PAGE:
Senior Living at Country Meadows Retirement Communities
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February 8, 2021

Retirement communities help couples with different needs lead a life together

Moving to a retirement community is a major life change. Many people assume that if two spouses have different care needs, they cannot live together. Being separated from a life partner can result in temporary feelings of stress and anxiety and, in the long term, develop into loneliness, which has been shown to affect health negatively.

As we grow older, so, too, do our relationships. Scientific studies repeatedly prove that people involved in happy long-term relationships enjoy numerous health benefits, both physical and mental. Many couples have spent their lives together—living together, raising a family together and retiring together. They cannot imagine living without one another. Couples traverse life’s ups and downs together so why should living within retirement communities be any different?

Today many retirement communities can accommodate couples who want to live together, even if each partner has different needs. Supporting both partners’ individual needs allows many seniors to live together as safely and independently as possible, receiving a range of services to meet each person’s physical, mental and spiritual needs.

At Country Meadows, couples can continue to live as vibrantly as they choose. And in most cases, they’re welcome to do so together while the team within our retirement communities supports their individual health needs. Retirement communities should value the peace of mind of keeping couples together— it’s their home, after all.

Many retirement communities offer special shared living options, allowing spouses with different care needs to stay together whether it’s living independently with a spouse in assisted living or personal care, supporting a spouse’s early-stage memory loss in assisted living or personal care or staying together in a secure memory care neighborhood.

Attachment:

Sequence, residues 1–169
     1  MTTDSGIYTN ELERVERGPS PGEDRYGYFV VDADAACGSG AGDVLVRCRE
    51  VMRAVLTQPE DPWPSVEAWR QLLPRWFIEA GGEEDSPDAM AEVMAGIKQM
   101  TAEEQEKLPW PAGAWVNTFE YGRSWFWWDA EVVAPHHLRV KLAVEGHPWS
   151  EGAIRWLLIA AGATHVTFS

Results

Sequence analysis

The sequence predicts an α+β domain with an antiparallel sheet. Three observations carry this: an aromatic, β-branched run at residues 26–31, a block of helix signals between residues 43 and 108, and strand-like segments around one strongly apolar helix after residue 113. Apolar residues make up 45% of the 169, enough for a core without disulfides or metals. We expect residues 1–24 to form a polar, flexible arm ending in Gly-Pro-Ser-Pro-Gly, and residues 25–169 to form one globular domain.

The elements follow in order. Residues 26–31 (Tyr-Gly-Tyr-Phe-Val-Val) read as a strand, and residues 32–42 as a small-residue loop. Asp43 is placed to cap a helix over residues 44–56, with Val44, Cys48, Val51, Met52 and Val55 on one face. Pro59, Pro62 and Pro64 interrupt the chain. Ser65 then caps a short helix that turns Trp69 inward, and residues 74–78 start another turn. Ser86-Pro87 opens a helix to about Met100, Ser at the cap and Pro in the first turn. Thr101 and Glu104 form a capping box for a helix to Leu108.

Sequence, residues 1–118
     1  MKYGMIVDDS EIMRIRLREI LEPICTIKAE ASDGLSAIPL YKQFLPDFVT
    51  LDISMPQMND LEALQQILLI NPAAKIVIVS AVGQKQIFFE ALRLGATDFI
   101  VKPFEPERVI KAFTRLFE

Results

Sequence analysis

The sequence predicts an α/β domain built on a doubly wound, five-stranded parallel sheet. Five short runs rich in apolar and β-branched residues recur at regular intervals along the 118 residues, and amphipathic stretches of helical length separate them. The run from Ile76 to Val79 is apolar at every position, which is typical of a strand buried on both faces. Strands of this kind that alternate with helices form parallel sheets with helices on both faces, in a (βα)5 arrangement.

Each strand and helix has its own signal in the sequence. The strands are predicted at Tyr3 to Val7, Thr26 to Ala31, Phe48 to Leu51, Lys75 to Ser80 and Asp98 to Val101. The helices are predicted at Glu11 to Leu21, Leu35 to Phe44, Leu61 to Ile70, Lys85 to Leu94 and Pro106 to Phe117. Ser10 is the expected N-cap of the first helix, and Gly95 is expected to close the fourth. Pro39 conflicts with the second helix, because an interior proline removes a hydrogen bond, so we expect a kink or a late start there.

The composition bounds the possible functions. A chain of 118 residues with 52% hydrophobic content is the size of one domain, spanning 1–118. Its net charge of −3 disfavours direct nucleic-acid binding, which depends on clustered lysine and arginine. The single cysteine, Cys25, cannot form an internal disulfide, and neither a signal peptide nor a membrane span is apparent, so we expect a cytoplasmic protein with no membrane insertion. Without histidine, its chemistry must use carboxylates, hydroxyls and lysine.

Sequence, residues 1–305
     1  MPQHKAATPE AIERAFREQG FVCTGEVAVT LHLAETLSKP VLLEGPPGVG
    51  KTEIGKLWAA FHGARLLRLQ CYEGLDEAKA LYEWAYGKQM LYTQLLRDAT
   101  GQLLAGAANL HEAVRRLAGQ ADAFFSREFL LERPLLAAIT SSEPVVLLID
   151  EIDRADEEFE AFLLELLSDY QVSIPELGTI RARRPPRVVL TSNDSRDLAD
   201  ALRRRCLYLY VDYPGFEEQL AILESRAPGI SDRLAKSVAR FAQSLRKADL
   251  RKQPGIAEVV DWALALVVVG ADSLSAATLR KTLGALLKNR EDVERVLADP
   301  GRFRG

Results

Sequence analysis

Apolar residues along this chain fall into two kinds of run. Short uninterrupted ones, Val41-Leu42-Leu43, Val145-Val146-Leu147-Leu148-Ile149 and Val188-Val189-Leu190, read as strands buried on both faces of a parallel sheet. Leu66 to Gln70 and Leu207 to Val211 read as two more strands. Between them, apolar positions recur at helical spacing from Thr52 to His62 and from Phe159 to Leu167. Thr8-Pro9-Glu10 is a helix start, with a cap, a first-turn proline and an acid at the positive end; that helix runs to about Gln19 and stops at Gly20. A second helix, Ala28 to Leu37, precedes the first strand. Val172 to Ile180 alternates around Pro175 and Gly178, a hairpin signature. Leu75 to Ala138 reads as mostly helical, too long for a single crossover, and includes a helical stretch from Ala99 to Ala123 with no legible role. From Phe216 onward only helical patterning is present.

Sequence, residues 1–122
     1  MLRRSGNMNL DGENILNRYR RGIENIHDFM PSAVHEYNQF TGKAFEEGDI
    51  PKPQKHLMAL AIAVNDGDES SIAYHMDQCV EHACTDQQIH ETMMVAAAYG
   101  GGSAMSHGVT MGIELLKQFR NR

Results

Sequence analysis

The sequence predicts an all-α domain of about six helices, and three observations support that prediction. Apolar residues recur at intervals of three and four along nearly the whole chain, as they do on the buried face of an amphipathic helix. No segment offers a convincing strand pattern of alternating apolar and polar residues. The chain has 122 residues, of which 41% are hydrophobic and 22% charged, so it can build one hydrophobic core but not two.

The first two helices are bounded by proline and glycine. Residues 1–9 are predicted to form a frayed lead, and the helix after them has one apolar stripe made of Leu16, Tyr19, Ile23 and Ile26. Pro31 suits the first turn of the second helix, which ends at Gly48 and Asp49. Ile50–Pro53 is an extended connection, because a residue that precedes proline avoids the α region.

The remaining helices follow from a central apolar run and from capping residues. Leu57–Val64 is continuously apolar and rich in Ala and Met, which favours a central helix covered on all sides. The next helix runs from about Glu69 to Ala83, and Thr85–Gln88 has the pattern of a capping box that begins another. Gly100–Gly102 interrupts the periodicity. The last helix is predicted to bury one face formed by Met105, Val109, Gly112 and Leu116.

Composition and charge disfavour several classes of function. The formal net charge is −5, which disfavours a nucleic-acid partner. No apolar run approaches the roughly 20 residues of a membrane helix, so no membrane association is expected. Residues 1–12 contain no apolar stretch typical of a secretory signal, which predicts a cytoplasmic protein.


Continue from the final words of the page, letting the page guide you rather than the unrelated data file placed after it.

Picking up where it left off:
In 2021, Country Meadows residents Patrick and Joyce Bedner will celebrate 57 years of marriage. While living in their own home, Mr. Bedner realized he could no longer provide the type of care his wife needed for Alzheimer’s disease. He had his own health issues and, after suffering bruises and injuries from falls, he knew it was time to seek help.

“We looked at a lot of [retirement communities] but many don’t have memory care as they do here. Some were too small and we would be separated and unable to see each other,” recalls Mr. Bedner. “We heard good things about Country Meadows and it’s turned out very well for both of us.”

Mr. Bedner receives therapy services while his wife lives in the next building, receiving memory support. Despite living in separate buildings, the couple sees each other every day and is often spotted taking walks, holding hands, enjoying meals with friends and spending time together. “I love my wife and seeing her is the light of my life,” says Mr. Bedner.

Another couple lives together in an apartment in a secured neighborhood at a different Country Meadows retirement community location. The wife requires intensive care for Alzheimer’s disease and her husband, who lives independently, refused to live anywhere but with his beloved wife. Since moving in, the husband can relax knowing his wife gets the care she needs. He has more freedom than the duo had at home because he knows his wife is safe even when he enjoys activities with other independent living residents. He says, “I go to exercise class and meet some of the fellows to chat with them about current events and sports. I’ve adjusted to living here to be with her, and I need to be here.”

According to Country Meadows’ Executive Director of Memory Support, Joel Kroft, “We look at every couple individually to determine what is in the best interest of both spouses and their varied needs. We recognize and honor the decades of commitment they’ve had in life together. If a couple is able to stay together, one spouse can spend as much time as they want with their partner but can leave the apartment to do activities on his/her own, without having to worry about caregiving—they don’t have to worry about their loved one because we’ve got them.”

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